What’s remarkable about Greenlandic politics is how aware the players are of their dilemma and their options
By Gwynne Dyer
From his purchase of New Jersey casinos to his proposed acquisition of Greenland, Donald Trump’s real estate deals have always been plagued by bad timing.
The US could probably have bought Greenland from Denmark in 1917 (when it did buy the US Virgin Islands from the Danes), but he’s a century too late now.
Nevertheless, his latest bad idea does give us an incentive to catch up with what’s been happening in Greenland, and it’s quite interesting. Trump may not know this, since he rarely reads intelligence reports, but in November 2017 Greenland’s premier, Kim Kielsen, led a government delegation to Beijing to seek Chinese investment.
Greenland, the world’s biggest island, is not yet fully independent, but it is autonomous from Denmark in everything except foreign affairs and defence. Kielsen was looking mainly for Chinese investment in mining enterprises, but he was also interested in attracting a Chinese bid to build three modern airports in the island, which currently depends on World War II-era airstrips.
This set off a security panic in NATO, involving implausible nightmare visions about Greenland getting so deep in debt to Chinese banks that it would end up letting China (which has comically declared itself a ‘near-Arctic nation’) operate military aircraft from those airports.
The US military, which has a large air base at Thule in northern Greenland, then took fright. Washington strongly urged the Danish government, which provides two-thirds of Greenland’s budget revenue, to nip this threat in the bud. Copenhagen had previously refused to fund the new Greenland airports, but late last year it suddenly came up with very low-interest loans for them. End of panic. By then Kim Kielsen’s government in the tiny capital of Nuuk (pop. 17,000) had collapsed, but his Siumut Party came out ahead in the election last April and he is back in power. And the issue of Chinese mines in Greenland is still on the table.
In fact, there already is one in southern Greenland, producing uranium and rare earths for a Chinese-Australian consortium. Other projects potentially involving Chinese capital (and Chinese workers) are under discussion, including a huge open-cast iron-ore mine near Nuuk, a zinc mine in the north, and both offshore and onshore oil and gas leases.
For the 56,000 Greenlanders, 90% of whom are Inuit (Eskimo), the geostrategic implications of Chinese investment are irrelevant – and they are probably right about that. What worries them, and occupies a central place in Greenlandic politics, is the cultural and social implications of foreign investment by anybody, Chinese or not. The Greenland Inuit are one of the few indigenous society in the world that has full or almost full control over its own destiny, but the impact of the modern world on their traditional culture has been as destructive as it was for all the others: depression and other psychological illnesses, rampant alcoholism and drug use, and an epidemic of suicides. So they face a choice. Do you go on trying to preserve what is left of the old Arctic hunting and fishing culture, although it is already so damaged and discouraged that it has the highest suicide rate on the planet? Or do you seek salvation in full modernisation through high-speed economic growth, while keeping your language and what you can of your culture?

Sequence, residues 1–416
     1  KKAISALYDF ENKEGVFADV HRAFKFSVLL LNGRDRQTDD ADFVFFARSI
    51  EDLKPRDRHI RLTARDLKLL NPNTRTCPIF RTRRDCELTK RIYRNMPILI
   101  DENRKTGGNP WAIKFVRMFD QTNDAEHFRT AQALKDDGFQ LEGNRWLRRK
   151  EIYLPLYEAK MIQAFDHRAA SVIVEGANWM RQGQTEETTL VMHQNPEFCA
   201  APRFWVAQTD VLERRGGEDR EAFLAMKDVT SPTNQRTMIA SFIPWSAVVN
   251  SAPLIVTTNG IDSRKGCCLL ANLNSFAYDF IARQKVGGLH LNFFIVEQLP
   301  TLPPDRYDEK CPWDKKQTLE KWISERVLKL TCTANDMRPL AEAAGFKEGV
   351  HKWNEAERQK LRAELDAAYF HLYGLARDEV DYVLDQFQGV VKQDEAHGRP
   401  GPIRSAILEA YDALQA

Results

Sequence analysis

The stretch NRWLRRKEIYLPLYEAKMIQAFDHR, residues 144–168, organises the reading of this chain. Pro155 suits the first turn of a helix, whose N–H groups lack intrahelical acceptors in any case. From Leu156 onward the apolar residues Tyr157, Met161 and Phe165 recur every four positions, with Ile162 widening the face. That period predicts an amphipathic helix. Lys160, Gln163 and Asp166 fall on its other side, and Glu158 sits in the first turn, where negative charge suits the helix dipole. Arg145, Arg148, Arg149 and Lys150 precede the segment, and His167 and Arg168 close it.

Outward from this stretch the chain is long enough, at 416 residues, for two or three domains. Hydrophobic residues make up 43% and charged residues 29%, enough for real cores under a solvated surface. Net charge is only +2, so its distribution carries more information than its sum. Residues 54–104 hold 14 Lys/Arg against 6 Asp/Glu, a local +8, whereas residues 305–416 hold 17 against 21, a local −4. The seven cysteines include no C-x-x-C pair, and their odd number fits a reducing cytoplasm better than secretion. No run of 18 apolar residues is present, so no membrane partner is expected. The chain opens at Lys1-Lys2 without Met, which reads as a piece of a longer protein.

What’s remarkable about Greenlandic politics is how aware the players are of their dilemma and their options. “If you want to become rich, it comes at a price,” says Aqqaluk Lynge, one of the founders of the Inuit Ataqatigiit (Community of the People) party that ran the government until 2013.
Lynge and many others didn’t want to pay that price, and under the Inuit Ataqatigiit administration all mining was banned in Greenland. Quite apart from the environmental costs of large-scale mining operations, they believed, the many thousands of foreign workers they would bring in would have a devastating impact on the already very fragile Greenlandic culture. The decision was made in 2013, when the Siumut Party took power. It believes that modernisation has gone too far to turn back now. Better to gamble on solving the current huge social problems by enabling everybody to live fully modern, prosperous lives. If you’re no longer marginalised and poverty-stricken, you’ll feel better about yourself.
As Aleqa Hammond, Kielsen’s predecessor as premier, said in 2014: “The shock will be profound, but we have faced colonisation, epidemics and modernisation before. The decisions we are making (to open the country up to mining and oil drilling) will have enormous impact on lifestyles and our indigenous culture. But we always come out on top. We are vulnerable, but we know how to adapt.” Let us hope so, but the die is cast. Greenland will modernise, and in due course we will find out if that helps. It makes little difference to Greenlanders whether the foreign investment comes from Denmark, China or the United States, so long as they have political control – but they certainly don’t want to become Americans.
The ‘Greenland Purchase’ is not going to happen. As Soren Espersen, foreign affairs spokesman of the Danish People’s Party, said last week: “If (Trump) is truly contemplating this, then this is final proof that he has gone mad.”